Dasvidaniya - a Tearful Drama
Sometimes you need a cut-off date to get your life in full swing. This might be the message given by Dasvidaniya; a heart-warming story of Kaul (Vinay Pathak) who realizes that his life will be tragically cut short following a cancer diagnosis. What he sets about to do in this short space of life, is what the movie all about.
We get a glimpse of Vinay’s life before the diagnosis that mooches around a dull office, unfriendly colleagues, and an irritable mother apart from his listing of the “ten most important tasks” of the day. These tasks range from repairing a geyser to buying a new battery for his mother’s hearing aid! In short, Kaul’s life resonates with little joy and little hope of ever being penetrated by anything other than a mundane reality. However the truth about his life’s mortality shakes Kaul out of the ho-hum reverie. Around the same time he bumps into a sleazebag (Ranvir Shourey) who tells him about his own life that is so very far from being hum drum, albeit dovetailed with deceit and trickery. Soon, Kaul finds his alter ego talking to him, making him realize how he wasted his life clinging on to his meaningless lists like a limpet.
This forces Kaul to draw up a list of things he always wanted to do, like buying a new car, going on a foreign trip, confessing his love to a childhood crush, learning to play guitar and reuniting with his estranged brother. While pursuing these dreams, he lives through a bitter-sweet experience and discovers surprises on the way.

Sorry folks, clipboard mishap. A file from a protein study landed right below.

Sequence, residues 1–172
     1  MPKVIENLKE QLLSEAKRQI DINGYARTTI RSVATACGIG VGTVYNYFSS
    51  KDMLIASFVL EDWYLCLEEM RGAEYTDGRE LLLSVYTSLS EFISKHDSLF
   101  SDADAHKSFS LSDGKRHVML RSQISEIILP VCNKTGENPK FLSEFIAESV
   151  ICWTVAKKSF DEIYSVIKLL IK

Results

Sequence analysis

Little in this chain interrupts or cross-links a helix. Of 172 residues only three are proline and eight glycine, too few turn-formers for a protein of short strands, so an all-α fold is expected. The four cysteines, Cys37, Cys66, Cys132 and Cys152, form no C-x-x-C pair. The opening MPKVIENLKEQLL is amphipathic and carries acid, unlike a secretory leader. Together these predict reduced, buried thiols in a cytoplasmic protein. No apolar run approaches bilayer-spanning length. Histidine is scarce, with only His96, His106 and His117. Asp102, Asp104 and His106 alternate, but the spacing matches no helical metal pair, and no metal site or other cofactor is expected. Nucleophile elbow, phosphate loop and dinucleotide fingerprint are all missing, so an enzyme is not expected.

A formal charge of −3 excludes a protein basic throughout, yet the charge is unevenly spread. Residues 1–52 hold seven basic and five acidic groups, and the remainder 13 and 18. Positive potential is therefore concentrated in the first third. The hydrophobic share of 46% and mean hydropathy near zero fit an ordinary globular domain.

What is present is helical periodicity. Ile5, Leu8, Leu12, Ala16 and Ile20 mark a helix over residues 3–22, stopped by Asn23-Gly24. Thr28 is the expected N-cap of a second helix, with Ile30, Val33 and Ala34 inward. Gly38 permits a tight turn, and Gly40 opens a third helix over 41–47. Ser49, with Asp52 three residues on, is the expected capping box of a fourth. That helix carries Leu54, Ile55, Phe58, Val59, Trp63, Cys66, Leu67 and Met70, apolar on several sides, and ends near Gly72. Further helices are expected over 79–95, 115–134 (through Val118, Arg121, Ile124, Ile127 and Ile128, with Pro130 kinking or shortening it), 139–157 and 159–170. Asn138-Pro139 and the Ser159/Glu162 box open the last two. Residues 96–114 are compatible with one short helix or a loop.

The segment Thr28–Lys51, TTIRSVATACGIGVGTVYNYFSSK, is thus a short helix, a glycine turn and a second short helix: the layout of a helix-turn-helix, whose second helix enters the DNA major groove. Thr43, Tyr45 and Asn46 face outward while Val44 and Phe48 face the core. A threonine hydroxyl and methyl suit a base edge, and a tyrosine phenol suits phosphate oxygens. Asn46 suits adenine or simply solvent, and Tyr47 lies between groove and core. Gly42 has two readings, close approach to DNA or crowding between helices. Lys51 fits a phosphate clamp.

Though the movie deals with the motif of death, it has a daub of comedy that warms up to your heart. Vinay Pathak looks apt for his role and so do the others including Sarita Joshi, Saurabh Shukla, Neha Dhupia, Rajat Kapoor, and Gaurav Gera. This movie bears an uncanny similarity to “The Bucket List”, an American movie released last year. However, the treatment of the film and the underplayed performances makes it a real treat a watch; though it gets a tad slow in the second half.
The movie has a mélange of some real memorable scenes, like the one where Kaul empties a fruit juice bottle on the bald plate of his boss (Saurabh Shukla) or the one where Kaul confesses his love to his childhood chum (Neha Dhupia) sans a single uttered word. Another part of the movie where Kaul finds love in a Russian hooker (to whom he has the DVDs of Hindi movies delivered after his death) will linger in your memory for long. The dialogues are witty and charming, that are mostly spouted by the film’s protagonist. For instance, when the guitar teacher poses a question as to what is Kaul’s problem, he replies that life is his Achilles heel, and which is why he wants to learn guitar at the earliest.
All in all, Dasvidaniya is a movie worth watching for its sheer performances and emotional content.